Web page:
Shortly after the disbanding of the Royal West Indian Rangers in 1819 and the settlement of some of their number on the St. John river between Tobique and Grand Falls there occurred one of those happy events which are always wont to cause a flutter in society, namely the marriage of Lieut. Arthur Bliny Walsh, late of the Royal West India Rangers, and Margaret, fourth daughter of Arthur Nicholson, Esq., of Wakefield. The ceremony was performed by the Rev. F. Dibblee, Oct. 1st, 1819, at the residence of Lieut. Nicholson, the witnesses being J. N. McLaughlin and Henry G. Clopper. Mr. Nicholson was himself quite an old man at this time having been born at Sligo, Ireland, in 1746. His signature which is appended is taken from the Muster Roll of the Kings American Dragoons.
Lady Ritchie, widow of the late Sir Wm. Ritchie, Chief Justice of Canada, is a granddaughter of Lt. Nicholson.
On the 16th March 1803, an act was passed by the provincial legislature by which all the territory on both sides of the river St. John extending from the upper boundaries of the parish of Woodstock and Northampton "to the White Marsh three miles above the garrison of Presque Isle" was erected into the "town and parish of Wakefield." A glance at the map will show that the original parish of Wakefield included the present parishes of Wakefield, Wilmot, Simonds, Peel and Brighton. The parish continued to include both sides of the river until the year 1830 when that part east of the St. John became the parish of Brighton.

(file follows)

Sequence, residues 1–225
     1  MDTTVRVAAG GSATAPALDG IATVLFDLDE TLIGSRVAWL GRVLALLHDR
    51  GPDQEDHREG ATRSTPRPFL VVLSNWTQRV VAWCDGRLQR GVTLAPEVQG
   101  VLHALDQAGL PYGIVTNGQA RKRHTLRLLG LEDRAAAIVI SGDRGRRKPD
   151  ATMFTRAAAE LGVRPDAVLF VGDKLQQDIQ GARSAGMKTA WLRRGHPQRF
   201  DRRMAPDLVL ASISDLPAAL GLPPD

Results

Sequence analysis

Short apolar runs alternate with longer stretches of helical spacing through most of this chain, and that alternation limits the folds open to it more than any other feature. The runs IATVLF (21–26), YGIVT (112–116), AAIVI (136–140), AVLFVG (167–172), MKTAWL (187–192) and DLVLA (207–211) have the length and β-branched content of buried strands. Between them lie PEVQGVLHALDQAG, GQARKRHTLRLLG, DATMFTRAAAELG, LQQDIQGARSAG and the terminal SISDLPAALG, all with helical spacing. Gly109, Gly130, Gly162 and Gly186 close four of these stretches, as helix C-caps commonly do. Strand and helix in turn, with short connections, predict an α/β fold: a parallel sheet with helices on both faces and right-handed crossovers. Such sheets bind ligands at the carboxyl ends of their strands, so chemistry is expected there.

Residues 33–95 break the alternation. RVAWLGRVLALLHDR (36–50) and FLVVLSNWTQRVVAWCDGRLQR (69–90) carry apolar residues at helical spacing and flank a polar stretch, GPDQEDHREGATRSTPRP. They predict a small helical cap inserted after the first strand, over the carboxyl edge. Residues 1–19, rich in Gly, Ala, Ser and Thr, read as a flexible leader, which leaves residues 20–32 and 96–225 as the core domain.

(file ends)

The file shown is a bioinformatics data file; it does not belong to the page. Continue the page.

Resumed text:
On the 20th June 1809 a grant of 29,965 acres of land was made in the vicinity of the military post at Presquisle to William Turner and eighty-seven other residents of the parish of Wakefield. There was a reservation of 615 acres at the mouth of the Presquisle for military purposes. The island opposite with two lots a little below it on the east side of the river was assigned to Mr. Turner whose estate comprised about 1000 acres. Here he built himself a house and settled down to quiet life, retaining his position as commissary of the garrison which at that time consisted of a few soldiers under the command of sergeant Samuel Bishop. In the winter of the year 1815 Sir George Head spent a few days at Mr. Turner's on his way to Canada. He gives a striking description of the loveliness of the Presquisle post in midwinter and a very amusing account of Mr. Turner which we must reserve for our next article. In addition to the ordinary duties of a parish magistrate William Turner was frequently called upon to solemnize marriages. It was certainly much more convenient for the young people of the neighborhood to call on him than to proceed some twenty odd miles to the residence of the Rev. Frederick Dibblee, the only minister north of Fredericton.